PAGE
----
Mosel, or Moselle as it is called in France, and Musel in Luxembourgish, starts in the Massif de Vosges in France, near Ballon d’Alsace. It flows through the departement Lorraine. From where France, Luxembourg and Germany meet (at Shengen), it becomes the border river between Luxembourg and Germany, before it continues in Germany and flows out in the Rhine river in Koblenz. As the river flows through the Mosel valley, we can clearly see the effect of meandering. It is a beatuyful landscape, with small romantic towns like Bernkastel, and good wine. It is a good place to visit. I think I will cycle along the Mosel river from Ballon d’Alsace to Koblenz some time in the future.
We can start in Schengen, a name most people, at least in Europe, will think of as a treaty, and not a place. But it is a small town in Luxembourg. At the left bank of Mosel is Luxembourg, at the right bank Germany, the area called Obermosel. On German side they mainly frow a grape calle Elbling. I do not know the grape, but it is said to have a rather neutral character. It is mainly used for production of sekt. It is also grown in Luxembourg, along with Müller-Thurgau and Auxerrois. I Luxembourg chaptalising, meaning adding sugar to the must, quite common.
At Konz in Germany, the river Saar flows out in Mosel, and a bit further down, by Ruwer the river Ruwer is added. Both in Saar and Ruwer, they produce good riesling, but we will not go up these valleys. A bit down from Trier, by the small town Sellig, we enter Mittelmosel. It is from here to Zell, we find the good wines from Mosel.
In Mosel, as in many other places in Geramny, low sugar content in the grapes has lead to a production of semi dry wines. It seems like a paradox that low sugar level should lead to semi dry, and not dry wine. But low sugar gives low alcohol. Alcohol has a kind of sweetness. It does not really taste sweet, but it balances the acidity in the wine. In addition to that, it gives the wine body. Dry wines, low in alchol, tend to taste thin and sour. To compensate for low alcohol, they stopped the fermentation when it was still some sugar left. The fasion changed. The market wantet dry, white wines, and the semi dry German wines went out of fashion. The climate change has so far had positive effect in Mosel, and now they produce excellent, dry wines. Having said that, I will add: Semi dry white wines usually goes well with spicy food, Asian food and sushi.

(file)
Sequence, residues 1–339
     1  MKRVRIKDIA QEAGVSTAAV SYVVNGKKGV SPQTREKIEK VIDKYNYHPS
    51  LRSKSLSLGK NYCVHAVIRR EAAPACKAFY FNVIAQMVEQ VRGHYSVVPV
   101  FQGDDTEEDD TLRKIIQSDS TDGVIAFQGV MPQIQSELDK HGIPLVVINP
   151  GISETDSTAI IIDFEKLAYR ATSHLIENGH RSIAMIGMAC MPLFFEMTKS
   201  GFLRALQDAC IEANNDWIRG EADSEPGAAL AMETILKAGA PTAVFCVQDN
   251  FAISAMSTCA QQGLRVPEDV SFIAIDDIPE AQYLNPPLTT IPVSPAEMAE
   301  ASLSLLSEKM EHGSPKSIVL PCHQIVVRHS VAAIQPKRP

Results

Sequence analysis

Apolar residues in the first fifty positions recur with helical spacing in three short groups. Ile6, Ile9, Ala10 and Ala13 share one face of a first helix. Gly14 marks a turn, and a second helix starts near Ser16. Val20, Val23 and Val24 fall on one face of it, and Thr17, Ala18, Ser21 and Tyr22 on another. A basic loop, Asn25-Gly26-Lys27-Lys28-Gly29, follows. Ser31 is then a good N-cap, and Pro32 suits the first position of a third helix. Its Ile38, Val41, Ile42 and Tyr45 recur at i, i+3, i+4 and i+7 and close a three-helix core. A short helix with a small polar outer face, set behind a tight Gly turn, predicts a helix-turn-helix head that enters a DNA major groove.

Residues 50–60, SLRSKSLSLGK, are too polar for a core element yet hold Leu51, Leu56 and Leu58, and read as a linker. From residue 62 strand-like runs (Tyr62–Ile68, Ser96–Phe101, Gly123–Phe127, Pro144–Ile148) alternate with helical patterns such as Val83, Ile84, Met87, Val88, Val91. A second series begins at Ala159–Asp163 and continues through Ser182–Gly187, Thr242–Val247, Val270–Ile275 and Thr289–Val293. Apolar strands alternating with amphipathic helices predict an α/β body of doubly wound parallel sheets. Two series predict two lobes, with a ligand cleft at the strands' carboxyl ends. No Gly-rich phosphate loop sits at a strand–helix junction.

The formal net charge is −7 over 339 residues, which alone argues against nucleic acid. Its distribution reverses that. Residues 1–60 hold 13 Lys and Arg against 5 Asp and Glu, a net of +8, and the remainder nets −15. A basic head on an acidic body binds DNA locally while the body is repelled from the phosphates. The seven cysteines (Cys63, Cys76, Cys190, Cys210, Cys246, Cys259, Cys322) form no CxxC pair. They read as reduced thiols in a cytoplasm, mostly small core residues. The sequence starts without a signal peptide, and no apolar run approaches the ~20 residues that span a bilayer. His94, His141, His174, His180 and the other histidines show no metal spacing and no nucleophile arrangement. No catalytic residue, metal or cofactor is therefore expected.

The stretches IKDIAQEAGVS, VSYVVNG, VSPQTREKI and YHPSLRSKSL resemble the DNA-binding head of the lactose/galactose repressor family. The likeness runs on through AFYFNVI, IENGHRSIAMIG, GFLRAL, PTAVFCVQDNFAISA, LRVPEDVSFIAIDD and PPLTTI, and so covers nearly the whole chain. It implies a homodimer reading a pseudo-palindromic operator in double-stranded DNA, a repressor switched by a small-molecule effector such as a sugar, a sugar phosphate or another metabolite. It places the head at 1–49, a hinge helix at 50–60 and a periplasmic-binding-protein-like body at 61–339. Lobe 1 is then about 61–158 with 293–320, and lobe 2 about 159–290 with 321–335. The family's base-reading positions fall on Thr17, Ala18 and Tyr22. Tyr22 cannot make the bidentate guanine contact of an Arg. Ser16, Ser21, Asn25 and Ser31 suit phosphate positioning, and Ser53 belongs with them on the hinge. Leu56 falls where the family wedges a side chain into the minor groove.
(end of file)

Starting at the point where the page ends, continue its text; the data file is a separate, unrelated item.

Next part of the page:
The great wines from Mosel are made from riesling. But the riesling only ripen in ideal places, steep slopes facing south, where they get a lot of sun exposure. At the ideal places, the sun is also reflected from the river, up to the vineyards. Other plasces, they grow grapes like Müller-Thurgau and Sylvaner, which do not give as good wine as riesling.
Our first stop is Trittenheim. The best vineyard here is Apotheke. We continue to Piesport, the town that has given name to this part of Mittelmosel. Piesport is located in a curve in the river, with many south facing vineyards that create an amphi. The most well known and the best vineyard is Goldtröpfchen. Other well knwon vineyards are Domherr, Falkenberg, Gärtchen, Grafenberg, Günterslay, Hofberger, Kreuzwingert, Schubertslay and Treppchen. Further down the river, there is a hill on the left bank down to Minheim, a hill that protects the Piesport area from cold winds from east. After passing Minheim, we come to the area Wintrich and Kesten, where the vineyard Ohligsberg is the most well known. Piesport is used as a designation for all wines from the area, or as Grosslage i German. I do not think that there are many grapes from the famous vineyards in the generic Piesporter. The Piesporter from my youth was not a high quality wine. If it had been, I would not have had money to buy it. When I was young, the price of the wine was more important than the quality.
We continue downstream to Bernkastel. Here we find the most famous and best vineyard in Mosel: Doktor. Some say Bernkastel Doktor is the best vineyard in Germany. I do not know the vinyards well enough to say which is the better: Bernkastel Doktor or Erbach Markobrunn in Rheingau.
The grapes are grown in steep slopes. Most of the work must be done by hand.
If we compare Mosel and Rheigau, Mosel is “leaner”, and at their best more elegant. A good Mosel is an excellent wine.
If we continue downstream, we come to Graach and the vineyard Graacher Himmelreich. From here we come to Wehlen, and the vineyard Whelener Sonnenuhr. Further down is Zeltingen with Zeltinger Sonnenuhr. I include Reil further down. We have passed the more intesting part of Mosel. In my younger years I had many bottles of Reiler vom Heissen Stein.